For us school folks, motivation is the foundation of perseverance because without motivation to do something, there is nothing to persist at doing. However, you cannot rely only on motivation because, as you will see, sometimes perseverance is the thing that carries you when you feel as though you are “lacking” the energy of hot burning motivation. Wow. This is like the chicken and the egg, or it is more like the egg, then the chicken, then the chicken sits on the egg, then the egg hatches and becomes another chicken that sits on another egg. They go together. And eventually, they wind up being part of the ingredients for cookies? Oh man, that got dark.

Motivation often comes from biological drives. Think about the need to survive. You can find motivation in all types of survival. Think about eating, having water to drink, air to breath, having shelter, even building, and maintaining strong and healthy relationships with others. We know humans need these things for survival of ourselves and our species. But beyond simply surviving, there is a quality to life. Motivation can come from the essential needs of wellbeing. This would be like doing things that give you joy. Playing with friends. Doing fun things. Did you know, even getting a job that provides income at the level you desire so you can live the life you want. That is what Mr. Manzo saying, and he is rich! Not really, he is a school counselor, but anyway, motivation can be the energy necessary to make those things happen.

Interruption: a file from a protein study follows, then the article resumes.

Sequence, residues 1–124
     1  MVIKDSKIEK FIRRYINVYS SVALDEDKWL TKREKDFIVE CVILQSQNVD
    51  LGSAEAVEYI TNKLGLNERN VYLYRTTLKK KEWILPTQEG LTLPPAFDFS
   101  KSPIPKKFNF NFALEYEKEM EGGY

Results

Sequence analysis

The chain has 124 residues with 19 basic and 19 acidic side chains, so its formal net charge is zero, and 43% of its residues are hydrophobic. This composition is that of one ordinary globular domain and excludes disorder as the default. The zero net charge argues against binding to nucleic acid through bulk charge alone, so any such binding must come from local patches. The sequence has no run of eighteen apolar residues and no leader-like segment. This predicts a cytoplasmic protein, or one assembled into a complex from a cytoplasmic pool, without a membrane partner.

Motivation in this way can be seen not just as necessary to survive, it becomes necessary to thrive. The SEL domain of social engagement is all about perseverance and motivation. The motivation to make things better for communities. Many motivated individuals and groups have worked, and in many cases, given their lives, to achieve a change that has bettered our nation. Thinking of American history, the early colonies were motivated, for a variety of reasons, to be independent of England. Waves and waves of people have been motivated to migrate to the united states. Things like the development of industry and the labor movement, civil rights movement, the United Farm Workers Movement, the American Indian Movement, the marriage equality movement, the Me-Too movement, and Black Lives Matter movement. If you notice the word “movement” is used to describe these forms of social engagement because it best describes the action and application of the energy from motivation. All the social improvements that have come from these movements stem from the personal motivation of the people involved. Also, none of these things would have brought any change if the people did not have the perseverance necessary to stay in the struggle.